As a young mother, I told my children stories – not because I was a talented or ardent story teller. It was simply a practical way to keep them occupied on car rides, treks through woods and cities, and especially while waiting for things to happen. My main purpose was to make the time pass and cut down on the complaining or roughhousing that would too easily fill those blank moments. And the bedtime routine of reading stories morphed from a pleasant way to get ready for bed into something sacrosanct, at least for my daughter, who insisted she could not fall asleep unless she’d had her daily dose of stories.
As a young teacher, I used stories daily to gather the group and focus their attention. It worked, so I did it – that was all I needed to know. In both cases, stories were the icing on the cake, not the cake itself. It wasn’t until I was much more experienced as a teacher that I became aware of the powerful effects of storytelling – far more than just icing!
In our rush to teach children how to read and write, how to calculate numbers, and the facts of history and geography, we sometimes load our classes and homework with skill acquisition and memorization. Stories are often used, if at all, as rewards for completing the “important” work. We lose sight of the fact that using stories may be by far the most effective way to introduce and digest information. It can also be a powerful tool for motivating us to tackle the more mundane tasks of learning. It is most definitely the way to discover what lies beneath the surface of cities, people, countries, both known and unknown.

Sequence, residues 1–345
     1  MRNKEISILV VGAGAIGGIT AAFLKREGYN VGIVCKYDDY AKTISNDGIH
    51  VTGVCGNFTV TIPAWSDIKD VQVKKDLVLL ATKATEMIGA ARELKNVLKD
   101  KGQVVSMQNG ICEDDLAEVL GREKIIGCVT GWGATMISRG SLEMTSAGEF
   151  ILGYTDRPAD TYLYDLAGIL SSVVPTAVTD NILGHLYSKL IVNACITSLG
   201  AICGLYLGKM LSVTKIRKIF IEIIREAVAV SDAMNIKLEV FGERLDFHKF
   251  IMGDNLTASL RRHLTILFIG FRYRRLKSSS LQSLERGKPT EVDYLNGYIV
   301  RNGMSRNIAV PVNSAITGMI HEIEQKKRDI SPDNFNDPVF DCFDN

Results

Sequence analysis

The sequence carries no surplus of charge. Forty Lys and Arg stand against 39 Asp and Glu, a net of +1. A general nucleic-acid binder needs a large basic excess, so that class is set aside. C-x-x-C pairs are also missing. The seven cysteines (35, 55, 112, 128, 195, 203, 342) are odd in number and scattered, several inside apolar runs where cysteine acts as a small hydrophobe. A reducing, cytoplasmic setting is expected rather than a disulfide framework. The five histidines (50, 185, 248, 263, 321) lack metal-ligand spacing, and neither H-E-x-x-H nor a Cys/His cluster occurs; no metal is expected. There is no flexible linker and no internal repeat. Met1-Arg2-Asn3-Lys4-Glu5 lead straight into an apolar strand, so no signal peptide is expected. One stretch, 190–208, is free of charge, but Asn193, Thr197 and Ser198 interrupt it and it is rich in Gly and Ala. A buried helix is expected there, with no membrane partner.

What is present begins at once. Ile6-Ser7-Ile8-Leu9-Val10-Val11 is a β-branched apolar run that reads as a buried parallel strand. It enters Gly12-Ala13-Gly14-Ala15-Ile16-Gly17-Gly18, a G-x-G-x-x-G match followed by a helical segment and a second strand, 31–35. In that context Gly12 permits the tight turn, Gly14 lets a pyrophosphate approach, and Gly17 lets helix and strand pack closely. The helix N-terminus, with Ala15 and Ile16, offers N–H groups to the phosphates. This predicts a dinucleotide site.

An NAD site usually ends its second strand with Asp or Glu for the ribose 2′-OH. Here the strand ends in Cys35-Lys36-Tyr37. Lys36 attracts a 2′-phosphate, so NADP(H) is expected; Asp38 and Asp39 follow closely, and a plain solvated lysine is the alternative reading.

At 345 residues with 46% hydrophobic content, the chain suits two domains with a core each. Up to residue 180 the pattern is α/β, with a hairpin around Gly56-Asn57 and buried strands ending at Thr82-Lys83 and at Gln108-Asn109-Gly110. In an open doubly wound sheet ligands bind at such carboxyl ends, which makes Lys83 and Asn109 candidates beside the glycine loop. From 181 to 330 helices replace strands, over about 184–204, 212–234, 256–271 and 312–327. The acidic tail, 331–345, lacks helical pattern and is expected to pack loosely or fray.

COMMUNITIES CONNECT THROUGH STORIES
People have always told stories. It is as primal an activity as talking. We have always connected to others in our social group through stories, most as simple as a good gossip over the cooking fire or – in modern times – coffee with a friend. Storytelling was mainly oral before there were books and then, with the use of print, vocabularies blossomed and the art of writing was born. And yet classic authors, like Shakespeare and Charles Dickens, are at heart simply storytellers.
When I taught in an international school in Basel, Switzerland, many of my students came from other countries. I felt it was important to introduce them to their adopted, however temporary, city; to make them more aware of the community connections that we often take for granted, and to see themselves as a part of a wider world. This meant getting to know a very old city with a long history. The city was –at least on the surface – a mundane, functional European city, not much different from other such cities. So I was not surprised when I asked my students for their impressions, that most of them labeled the city as “boring.” On the surface there seemed nothing very special about it and the idea of “touring” brought forth groans. There was no convincing anyone by simply listing the historical and cultural facts that made Basel so interesting.